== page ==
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Beauty and Skincare: Facts & Statistics that Will Blow Your Mind

Here’s setting the facts straight on beauty and skincare myths.

Thanks to the internet, beauty and skincare information have never been more accessible. Learning and sharing information about the products we slather on our faces is as easy as checking YouTube, Instagram, and beauty blogs—not to mention, the friends you share beauty secrets to on and offline. 

Unfortunately, the spread of misinformation is commonplace online, and the beauty and skincare community is no exception. It is rife with misconceptions that may actually be the thing that’s giving you skin problems in the first place. You’ll want to be wary of any information or advice you may come across the internet, especially when it cannot be fact-checked or is not backed by research.


To get you on the right track, here’s an infographic that sets the facts straight on beauty and skincare myths—because some things are just not what they seem to be.

Beauty and Skincare: Facts & Statistics that Will Blow Your Mind


Myth #1: DIY lemon masks are a good source of Vitamin C.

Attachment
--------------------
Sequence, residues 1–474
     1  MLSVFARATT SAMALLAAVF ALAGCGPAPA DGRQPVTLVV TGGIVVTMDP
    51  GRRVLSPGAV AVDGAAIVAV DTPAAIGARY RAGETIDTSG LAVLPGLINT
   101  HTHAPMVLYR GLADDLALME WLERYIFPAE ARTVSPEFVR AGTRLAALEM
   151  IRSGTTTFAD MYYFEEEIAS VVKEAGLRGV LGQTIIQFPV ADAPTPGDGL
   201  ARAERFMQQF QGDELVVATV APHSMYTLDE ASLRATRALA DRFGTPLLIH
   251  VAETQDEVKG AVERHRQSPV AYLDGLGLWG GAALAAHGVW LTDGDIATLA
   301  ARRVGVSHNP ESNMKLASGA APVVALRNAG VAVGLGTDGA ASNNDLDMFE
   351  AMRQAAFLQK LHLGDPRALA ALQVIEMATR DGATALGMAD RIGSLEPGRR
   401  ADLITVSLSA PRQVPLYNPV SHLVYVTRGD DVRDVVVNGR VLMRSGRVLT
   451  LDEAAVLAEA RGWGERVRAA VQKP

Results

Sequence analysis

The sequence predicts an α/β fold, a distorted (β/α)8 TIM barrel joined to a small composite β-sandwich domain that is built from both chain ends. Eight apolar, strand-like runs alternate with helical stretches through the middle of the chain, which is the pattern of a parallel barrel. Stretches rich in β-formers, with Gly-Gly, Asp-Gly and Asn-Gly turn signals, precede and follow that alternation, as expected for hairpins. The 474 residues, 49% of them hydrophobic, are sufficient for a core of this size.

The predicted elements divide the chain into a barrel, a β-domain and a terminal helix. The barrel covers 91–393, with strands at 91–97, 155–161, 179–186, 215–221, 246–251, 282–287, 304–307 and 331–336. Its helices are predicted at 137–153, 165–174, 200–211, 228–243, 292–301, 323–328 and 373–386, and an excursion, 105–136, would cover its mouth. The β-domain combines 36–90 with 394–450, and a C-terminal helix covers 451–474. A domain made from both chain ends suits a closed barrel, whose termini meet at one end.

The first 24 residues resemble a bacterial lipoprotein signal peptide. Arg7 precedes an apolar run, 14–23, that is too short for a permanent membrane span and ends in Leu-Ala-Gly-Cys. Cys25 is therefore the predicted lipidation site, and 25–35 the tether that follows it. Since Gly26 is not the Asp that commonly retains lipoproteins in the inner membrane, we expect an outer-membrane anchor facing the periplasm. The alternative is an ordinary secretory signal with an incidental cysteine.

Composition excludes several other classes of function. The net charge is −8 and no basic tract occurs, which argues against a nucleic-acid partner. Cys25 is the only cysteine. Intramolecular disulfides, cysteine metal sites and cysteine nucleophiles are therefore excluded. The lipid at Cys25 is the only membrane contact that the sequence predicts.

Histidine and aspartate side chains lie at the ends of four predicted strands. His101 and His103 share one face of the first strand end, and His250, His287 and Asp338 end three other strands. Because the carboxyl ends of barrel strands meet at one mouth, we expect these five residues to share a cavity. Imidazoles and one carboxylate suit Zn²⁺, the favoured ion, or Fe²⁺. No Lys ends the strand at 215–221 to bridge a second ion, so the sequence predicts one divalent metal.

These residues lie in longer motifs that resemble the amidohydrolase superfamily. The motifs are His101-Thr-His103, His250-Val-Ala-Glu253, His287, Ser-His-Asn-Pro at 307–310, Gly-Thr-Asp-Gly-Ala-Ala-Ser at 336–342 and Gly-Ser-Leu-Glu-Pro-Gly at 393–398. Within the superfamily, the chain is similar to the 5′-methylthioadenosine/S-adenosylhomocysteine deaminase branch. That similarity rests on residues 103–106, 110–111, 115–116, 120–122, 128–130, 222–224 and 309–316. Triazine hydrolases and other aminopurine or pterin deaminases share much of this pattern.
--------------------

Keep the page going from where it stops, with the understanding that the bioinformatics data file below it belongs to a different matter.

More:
Don’t fall for the idea of making your own lemon mask to keep away zits. In untrained hands, lemon can be far too acidic for the skin. You may be setting your skin up for adverse reactions like dark spots after prolonged exposure to the sun. Show your skin lots of TLC with a Vitamin C serum instead. It has the right Vitamin C concentration to get rid of acne marks, dark spots, and free radicals in your skin. 

Myth #2: It’s totally fine for your skin to feel tight after cleansing.

Arguably, cleansing is the first and most crucial step in your skincare routine. Doing it right is vital. However, your skin feeling tight after cleansing is a sign that harsh ingredients have made your skin a little too dry. Go for a mild facial wash, such as micellar water, to clean your face without completely stripping it off of essential natural oils.

Myth #3: Darker skin tones don’t need sunscreen.